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A Library Without Books? Newport Beach Considers Going Electronic

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The Newport Beach Public Library could boldly go where most libraries have yet dared not go: Book-less. They are considering relocating the Balboa Branch to a section of the Marina Park Community Center, but leaving out the 35,000 items--comprised of books, DVDs, and other materials--and offering a librarian-free "electronic library" instead, according to the Daily Pilot.

The move will allow the library system to save money while still providing locals with the services they most use the branch for. The new information age outpost "would have a 2,200-square-foot 'Internet library' room with a central fireplace and a kiosk where patrons could order books to borrow using an online system."

Need info, or to order an actual, tangible book? No problem. Library patrons can use the online reservation system either at the new "branch" or from any internet connection to request a hold on an item, which will then be left in an individual locker for retrieval at Marina Park's facility. The kiosk at that new "branch" would also be set up with "video-calling software, similar to Skype," so that users "could speak face-to-(projected) face with a reference librarian who could help answer research questions and point them toward the right online resources."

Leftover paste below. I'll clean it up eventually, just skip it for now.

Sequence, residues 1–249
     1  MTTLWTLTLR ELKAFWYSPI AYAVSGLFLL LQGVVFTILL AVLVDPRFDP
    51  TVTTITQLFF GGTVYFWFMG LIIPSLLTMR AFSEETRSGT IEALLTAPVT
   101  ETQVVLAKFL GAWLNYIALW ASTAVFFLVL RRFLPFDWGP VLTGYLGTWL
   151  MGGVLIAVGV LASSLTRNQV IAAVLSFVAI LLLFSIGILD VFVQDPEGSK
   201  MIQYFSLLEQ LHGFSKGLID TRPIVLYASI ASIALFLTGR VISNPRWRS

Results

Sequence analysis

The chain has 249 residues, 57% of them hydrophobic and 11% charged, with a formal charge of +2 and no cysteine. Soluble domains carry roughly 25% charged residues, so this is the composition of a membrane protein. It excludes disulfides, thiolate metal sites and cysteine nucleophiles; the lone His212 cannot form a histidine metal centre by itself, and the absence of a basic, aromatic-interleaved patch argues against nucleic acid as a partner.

For those who believe there is no research like good old fashioned book research, especially for students, in September 2010, the NY Times reported on the Applied Engineering and Technology Library at the University of Texas at San Antonio, which houses a total of zero physical books. The facility's "collection of 425,000 volumes and 18,000 journal articles is available only online."

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The school's Dean of Libraries, Krisellen Maloney noted that "books are not the only reason people go to libraries, and that, in addition to studying, students go “for the services — to consult, get instruction, find content and use the content.” But would you be content to get your content at a book-free library?

With many cities in SoCal facing budget strains, Newport's move could signal a new era in how libraries are run, and challenge the belief that books make the library. While saving money but not compromising access to information, a safe physical space to be in, and the internet--the chief reasons for many to visit libraries in recent year--the "Internet Library" room could be the Library of the future.